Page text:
Zschomler said videos of Prince as a preteen are almost non-existent in the public eye.
“As for the video, I don’t know of any. That doesn’t mean they don’t exist, but I don’t know of any,” she said.
Shortly after our interview, we showed her the video of the 1970 strike. She gasped as the boy who looked like Prince entered the frame, then a smile formed, followed by her difficulty composing a sentence at the end. of the video clip.
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“I think it’s him, definitely. Oh my God. Yeah, I think it’s definitely Prince,” she said.
Another element of the video caught his eye in the background.
“It definitely looks like Lincoln Junior High School where he would have attended school in April 1970,” she said.
Zschomler then showed us what is believed to be a photo of sixth grade Prince from the same school year of the strike. We compared it to the strike video. The hairstyle was on point.
“There’s so much to his mannerisms and his eyes and everything about him,” she said.
Despite the evidence, we still needed someone who knew Prince when he was a kid. Zschomler put us in touch with Terrance Jackson.
“We go back to kindergarten at John Hay Elementary in north Minneapolis,” Jackson said.
He is a childhood friend and former neighbor who was also part of Prince’s first band, Grand Central, when they were teenagers.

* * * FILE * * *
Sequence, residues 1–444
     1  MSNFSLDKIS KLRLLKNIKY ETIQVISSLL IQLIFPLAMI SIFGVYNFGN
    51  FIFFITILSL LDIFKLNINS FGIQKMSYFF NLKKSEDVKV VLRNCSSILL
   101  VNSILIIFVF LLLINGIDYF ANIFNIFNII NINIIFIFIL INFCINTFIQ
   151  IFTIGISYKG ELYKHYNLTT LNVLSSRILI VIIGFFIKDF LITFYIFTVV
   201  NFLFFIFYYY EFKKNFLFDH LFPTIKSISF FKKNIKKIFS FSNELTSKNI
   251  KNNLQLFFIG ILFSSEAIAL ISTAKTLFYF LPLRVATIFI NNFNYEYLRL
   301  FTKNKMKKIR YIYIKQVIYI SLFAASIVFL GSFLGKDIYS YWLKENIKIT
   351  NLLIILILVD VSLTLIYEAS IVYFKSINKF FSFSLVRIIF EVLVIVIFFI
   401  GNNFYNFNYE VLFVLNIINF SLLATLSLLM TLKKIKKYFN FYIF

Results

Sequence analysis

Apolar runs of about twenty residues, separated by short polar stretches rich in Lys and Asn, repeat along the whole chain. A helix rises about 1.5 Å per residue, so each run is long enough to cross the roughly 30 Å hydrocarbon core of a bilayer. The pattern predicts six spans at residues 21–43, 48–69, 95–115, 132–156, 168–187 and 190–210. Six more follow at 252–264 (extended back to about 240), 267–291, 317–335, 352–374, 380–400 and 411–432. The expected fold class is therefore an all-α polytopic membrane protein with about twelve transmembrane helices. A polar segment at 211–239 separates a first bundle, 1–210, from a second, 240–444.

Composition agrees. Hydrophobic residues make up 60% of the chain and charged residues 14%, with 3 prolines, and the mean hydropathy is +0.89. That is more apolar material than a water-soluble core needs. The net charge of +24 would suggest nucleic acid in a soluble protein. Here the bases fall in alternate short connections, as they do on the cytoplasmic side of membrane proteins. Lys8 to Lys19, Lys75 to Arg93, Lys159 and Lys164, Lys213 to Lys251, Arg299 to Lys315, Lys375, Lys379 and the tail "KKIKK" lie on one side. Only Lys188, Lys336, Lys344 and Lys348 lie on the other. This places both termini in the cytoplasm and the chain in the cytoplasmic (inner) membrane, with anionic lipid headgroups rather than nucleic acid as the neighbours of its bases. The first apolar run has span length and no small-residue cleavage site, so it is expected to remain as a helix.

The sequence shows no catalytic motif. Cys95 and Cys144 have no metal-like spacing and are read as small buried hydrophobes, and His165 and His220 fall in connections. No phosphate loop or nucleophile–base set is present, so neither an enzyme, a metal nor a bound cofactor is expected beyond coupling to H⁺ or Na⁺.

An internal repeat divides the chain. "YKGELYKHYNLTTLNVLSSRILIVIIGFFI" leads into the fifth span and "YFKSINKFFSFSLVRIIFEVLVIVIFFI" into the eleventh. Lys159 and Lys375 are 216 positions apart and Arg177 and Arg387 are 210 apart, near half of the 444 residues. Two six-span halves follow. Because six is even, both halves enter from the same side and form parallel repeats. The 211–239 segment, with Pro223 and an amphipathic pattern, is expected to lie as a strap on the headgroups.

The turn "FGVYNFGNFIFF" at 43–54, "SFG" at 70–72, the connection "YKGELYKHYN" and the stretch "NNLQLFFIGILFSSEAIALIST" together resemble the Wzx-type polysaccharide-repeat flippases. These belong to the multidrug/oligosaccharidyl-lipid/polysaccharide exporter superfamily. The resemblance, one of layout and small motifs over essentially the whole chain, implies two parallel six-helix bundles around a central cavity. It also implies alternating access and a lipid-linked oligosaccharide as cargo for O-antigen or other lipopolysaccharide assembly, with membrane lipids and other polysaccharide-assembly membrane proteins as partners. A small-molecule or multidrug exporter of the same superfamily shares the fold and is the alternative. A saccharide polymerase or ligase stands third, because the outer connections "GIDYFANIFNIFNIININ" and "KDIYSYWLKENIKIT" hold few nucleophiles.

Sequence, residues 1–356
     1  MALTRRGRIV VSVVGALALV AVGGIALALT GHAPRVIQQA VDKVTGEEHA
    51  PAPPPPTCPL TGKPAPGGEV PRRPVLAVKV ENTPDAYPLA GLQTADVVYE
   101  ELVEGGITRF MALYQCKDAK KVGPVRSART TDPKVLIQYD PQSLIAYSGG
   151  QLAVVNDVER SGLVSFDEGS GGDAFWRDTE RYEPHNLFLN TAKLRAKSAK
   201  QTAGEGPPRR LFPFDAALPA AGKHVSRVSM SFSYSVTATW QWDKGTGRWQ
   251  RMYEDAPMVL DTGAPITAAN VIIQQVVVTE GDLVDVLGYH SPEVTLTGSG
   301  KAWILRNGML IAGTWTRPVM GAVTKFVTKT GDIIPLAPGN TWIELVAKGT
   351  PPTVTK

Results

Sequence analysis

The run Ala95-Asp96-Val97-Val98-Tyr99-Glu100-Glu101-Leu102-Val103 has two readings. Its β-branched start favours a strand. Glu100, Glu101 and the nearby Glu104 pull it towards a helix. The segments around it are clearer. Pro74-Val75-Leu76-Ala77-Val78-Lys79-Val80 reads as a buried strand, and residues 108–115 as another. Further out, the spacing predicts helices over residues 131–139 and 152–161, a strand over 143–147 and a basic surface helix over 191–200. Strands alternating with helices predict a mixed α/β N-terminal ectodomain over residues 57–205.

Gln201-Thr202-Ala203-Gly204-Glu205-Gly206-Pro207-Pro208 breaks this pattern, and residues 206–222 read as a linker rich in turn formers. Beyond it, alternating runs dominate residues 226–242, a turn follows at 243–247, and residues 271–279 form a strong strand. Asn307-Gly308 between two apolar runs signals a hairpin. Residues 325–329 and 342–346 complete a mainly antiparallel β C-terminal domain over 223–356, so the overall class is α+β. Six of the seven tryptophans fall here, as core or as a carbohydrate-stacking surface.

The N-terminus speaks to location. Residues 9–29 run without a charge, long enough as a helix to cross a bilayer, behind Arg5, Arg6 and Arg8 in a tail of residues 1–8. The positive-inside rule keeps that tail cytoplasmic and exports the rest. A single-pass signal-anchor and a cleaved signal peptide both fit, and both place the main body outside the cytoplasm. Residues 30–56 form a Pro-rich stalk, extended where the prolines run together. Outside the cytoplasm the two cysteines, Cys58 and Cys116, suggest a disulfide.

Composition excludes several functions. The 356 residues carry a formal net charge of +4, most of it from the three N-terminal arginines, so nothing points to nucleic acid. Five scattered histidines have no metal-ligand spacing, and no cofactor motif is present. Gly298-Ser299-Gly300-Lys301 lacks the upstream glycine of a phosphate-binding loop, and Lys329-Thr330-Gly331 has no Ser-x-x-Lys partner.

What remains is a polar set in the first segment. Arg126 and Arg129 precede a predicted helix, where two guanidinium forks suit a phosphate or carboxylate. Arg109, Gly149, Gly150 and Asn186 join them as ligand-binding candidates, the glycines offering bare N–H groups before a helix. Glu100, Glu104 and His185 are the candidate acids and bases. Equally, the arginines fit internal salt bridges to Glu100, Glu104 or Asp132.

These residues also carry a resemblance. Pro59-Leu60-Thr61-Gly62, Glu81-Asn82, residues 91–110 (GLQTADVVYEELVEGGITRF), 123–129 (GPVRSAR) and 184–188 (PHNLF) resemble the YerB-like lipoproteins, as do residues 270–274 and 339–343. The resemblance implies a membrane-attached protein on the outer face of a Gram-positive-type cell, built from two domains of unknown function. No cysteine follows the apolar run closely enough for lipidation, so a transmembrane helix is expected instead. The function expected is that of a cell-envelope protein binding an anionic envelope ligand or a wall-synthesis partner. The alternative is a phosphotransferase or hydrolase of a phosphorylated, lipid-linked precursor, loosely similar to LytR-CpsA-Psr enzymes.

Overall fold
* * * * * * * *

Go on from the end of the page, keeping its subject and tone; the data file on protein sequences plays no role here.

“Oh my God, it’s Kitchen,” Jackson exclaimed at the start of the video, immediately recognizing Ronnie Kitchen as a teenager. “It’s Prince! Standing right there with the hat, right? It’s Skipper! Oh my God!”
He was giddy with laughter. Then Prince started talking. Jackson fell silent, only saying “wow” softly a few times. At the end of the video, he was wiping the tears from his eyes and laughing again.
“I’m like blown away. I am totally blown away,” he said, as memories of their childhood flooded in.
“He was already playing guitar and keyboards by then, phenomenally,” Jackson said. “Music has become our sport. Because he was athletic, I was athletic, but we wanted to compete musically.
Jackson’s wife, Rhoda, grew up alongside them. She too couldn’t contain her laughter when she saw Prince and then heard him talking like an 11-year-old boy.
“It’s just amazing to see him, so small, so young, and hear his voice,” Rhoda said.
Our mystery surrounding one of music’s most mysterious men has been solved. Just a young city dweller, years before putting his city and its sound on the map.
“It’s Prince, aka Skipper from the Northside,” Jackson said.
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“I think just seeing Prince as a young kid in his neighborhood school, you know, it really helps ground him in that Minneapolis connection,” Zschomler said. “Even though this is a momentary glimpse of what Minneapolis meant to him, what he stood for when he lived in Minneapolis, it just helps to understand that symbiotic connection he had with his hometown. .”